The Chronicle will be in the courtroom and provide ongoing coverage of the Christopher Taylor trial. Catch up on the case and the ramifications of the verdict in this story.
Austin Police Officer Christopher Taylor’s defense has rested their case in the trial in which Taylor stands accused of murdering Michael Ramos three years ago. Prosecutors in the Travis County District Attorney’s office rested their case last week.
Closing arguments in the Taylor trial begin this afternoon, Nov. 7. Each party will have one hour and 15 minutes to close their case, per a ruling from District Judge Dayna Blazey who has presided over the trial. After closing arguments are made, the case will be in the hands of the jury. The 12 jurors impaneled to decide Taylor’s guilt or innocence will have as long as they need to deliberate on a verdict, also per a Blazey order.
The 12th day of the trial began with a surprise – a visit to the apartment complex parking lot where Taylor shot and killed Ramos as he was driving away from the phalanx of officers confronting him on the evening of April 24, 2020. The excursion, which lasted about 30 minutes, was proposed by prosecutors and agreed to by the defense. A key question in the trial has been what Ramos intended to do when he started driving. Video evidence shows Ramos driving forward before turning to the right and away from officers. Prosecutors have said this shows Ramos was attempting to flee. The defense says Taylor could not have known that and fired in defense of himself and the other officers on the scene.
Jurors roamed the parking lot eyeing the potential path Ramos could have taken in his Prius – around officers, through two trees, past the parking lot, and on to Pleasant Valley Road. All of the jurors got off the bus to participate in the site visit, though doing so was optional; several were seen taking notes.
The day prior, Nov. 6, saw defense attorneys Doug O’Connell and Ken Ervin present their final witnesses – including an expert in a type of science called “photogrammetry” that can be used to recreate crime scenes through digital renderings. The defense’s expert, Hank Mowry, offered a different perspective on the events than the state’s own photogrammetrist who testified earlier in the trial.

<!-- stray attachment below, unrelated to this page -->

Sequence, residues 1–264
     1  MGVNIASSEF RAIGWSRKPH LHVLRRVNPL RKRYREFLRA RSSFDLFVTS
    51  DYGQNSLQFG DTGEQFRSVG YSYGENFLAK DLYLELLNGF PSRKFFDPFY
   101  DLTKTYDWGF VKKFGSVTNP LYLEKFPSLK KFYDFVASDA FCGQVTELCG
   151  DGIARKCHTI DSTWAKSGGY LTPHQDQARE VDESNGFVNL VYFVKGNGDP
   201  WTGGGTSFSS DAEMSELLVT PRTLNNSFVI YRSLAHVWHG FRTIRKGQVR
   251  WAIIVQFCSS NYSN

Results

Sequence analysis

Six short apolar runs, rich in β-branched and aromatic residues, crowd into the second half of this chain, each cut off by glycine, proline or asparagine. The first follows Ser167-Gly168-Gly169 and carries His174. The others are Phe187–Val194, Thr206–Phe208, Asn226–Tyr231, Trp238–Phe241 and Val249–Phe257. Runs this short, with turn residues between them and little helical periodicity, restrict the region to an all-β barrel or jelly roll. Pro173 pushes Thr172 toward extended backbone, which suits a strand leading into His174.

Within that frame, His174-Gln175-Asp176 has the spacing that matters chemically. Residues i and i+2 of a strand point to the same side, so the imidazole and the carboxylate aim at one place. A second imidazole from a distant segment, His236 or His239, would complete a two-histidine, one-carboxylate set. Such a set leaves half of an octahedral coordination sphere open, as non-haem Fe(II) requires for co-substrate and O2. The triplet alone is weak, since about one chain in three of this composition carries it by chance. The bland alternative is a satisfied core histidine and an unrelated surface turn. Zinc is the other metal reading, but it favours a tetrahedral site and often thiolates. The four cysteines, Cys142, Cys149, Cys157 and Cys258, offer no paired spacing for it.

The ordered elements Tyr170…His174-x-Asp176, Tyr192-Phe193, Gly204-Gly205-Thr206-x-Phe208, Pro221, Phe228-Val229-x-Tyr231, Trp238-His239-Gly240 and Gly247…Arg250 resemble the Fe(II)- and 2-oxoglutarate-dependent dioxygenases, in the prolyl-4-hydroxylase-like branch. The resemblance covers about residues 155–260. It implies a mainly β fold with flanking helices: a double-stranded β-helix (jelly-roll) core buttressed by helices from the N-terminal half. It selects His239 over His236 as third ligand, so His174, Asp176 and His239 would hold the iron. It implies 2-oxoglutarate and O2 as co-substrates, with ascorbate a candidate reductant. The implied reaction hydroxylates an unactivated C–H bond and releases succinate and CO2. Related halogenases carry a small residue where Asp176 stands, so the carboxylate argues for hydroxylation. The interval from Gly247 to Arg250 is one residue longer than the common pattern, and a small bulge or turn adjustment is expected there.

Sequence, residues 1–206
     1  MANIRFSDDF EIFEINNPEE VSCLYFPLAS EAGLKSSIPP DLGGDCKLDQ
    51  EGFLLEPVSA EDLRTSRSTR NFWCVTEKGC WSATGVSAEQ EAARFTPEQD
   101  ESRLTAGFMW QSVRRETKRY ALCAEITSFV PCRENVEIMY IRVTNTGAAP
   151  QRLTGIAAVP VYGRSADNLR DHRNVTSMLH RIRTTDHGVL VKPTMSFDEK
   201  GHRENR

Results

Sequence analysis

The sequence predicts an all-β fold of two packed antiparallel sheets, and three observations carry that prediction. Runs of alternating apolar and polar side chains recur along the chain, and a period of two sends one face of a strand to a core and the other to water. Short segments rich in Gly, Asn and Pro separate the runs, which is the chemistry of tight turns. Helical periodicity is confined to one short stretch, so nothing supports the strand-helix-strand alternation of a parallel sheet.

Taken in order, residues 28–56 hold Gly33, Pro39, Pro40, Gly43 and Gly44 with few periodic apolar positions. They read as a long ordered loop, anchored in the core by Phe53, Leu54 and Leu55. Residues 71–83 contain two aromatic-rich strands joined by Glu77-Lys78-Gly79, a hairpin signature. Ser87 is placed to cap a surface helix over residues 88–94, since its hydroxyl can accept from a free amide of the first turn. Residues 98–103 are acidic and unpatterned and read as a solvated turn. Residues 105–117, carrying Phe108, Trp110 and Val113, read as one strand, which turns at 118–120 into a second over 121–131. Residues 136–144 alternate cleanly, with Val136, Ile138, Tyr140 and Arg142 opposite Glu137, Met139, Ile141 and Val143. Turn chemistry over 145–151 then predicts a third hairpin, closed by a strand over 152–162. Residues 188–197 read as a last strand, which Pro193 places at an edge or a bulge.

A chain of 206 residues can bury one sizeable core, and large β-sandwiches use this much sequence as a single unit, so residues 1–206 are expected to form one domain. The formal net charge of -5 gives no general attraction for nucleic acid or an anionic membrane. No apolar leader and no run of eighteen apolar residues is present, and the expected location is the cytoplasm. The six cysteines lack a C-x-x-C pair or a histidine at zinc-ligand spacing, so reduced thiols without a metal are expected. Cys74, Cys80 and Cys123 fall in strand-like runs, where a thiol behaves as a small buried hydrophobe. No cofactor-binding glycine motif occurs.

The key difference between the two experts was in depicting what Taylor may have seen when he was staring down the optic of his AR 15 semi automatic rifle in the moments before killing Ramos. The defense’s rendering showed a much narrower field of view than the state’s animation, indicating – in their expert’s view – that it would have been harder for Taylor to see that the Prius was turning to flee.
Following Mowry’s presentation, the defense brought to the stand David Gilden – a former astronomer who for the past three decades has studied and taught the psychology around human perception. Gilden, a UT-Austin professor who also testified for the defense in the criminal trial involving Austin Police Officers Robert Pfaff and Donald Petraitis (they were acquitted in 2019), was expected to be a key witness for the defense.
The crux of Gilden’s testimony was that, in his view, it would not have been possible for Taylor to focus his attention on anything else with much detail once he took aim at Ramos – including that the Prius was turning away from officers. “Successful aiming is not having a broad, generalized viewpoint,” Gilden said from the stand. “Successful aiming involves compact focus.”
It is unclear how Gilden’s analysis landed with jurors. His testimony was sprawling, veering into the philosophical (“we are not in the business of perceiving reality,” Gilden said of human perception at one point), and at times highly critical of the prosecution’s case (he was left “incredulous” by the state’s focus on “irrelevancies” related to their expert’s digital recreation of the shooting.)
We will have more after closing arguments and when a verdict is announced.
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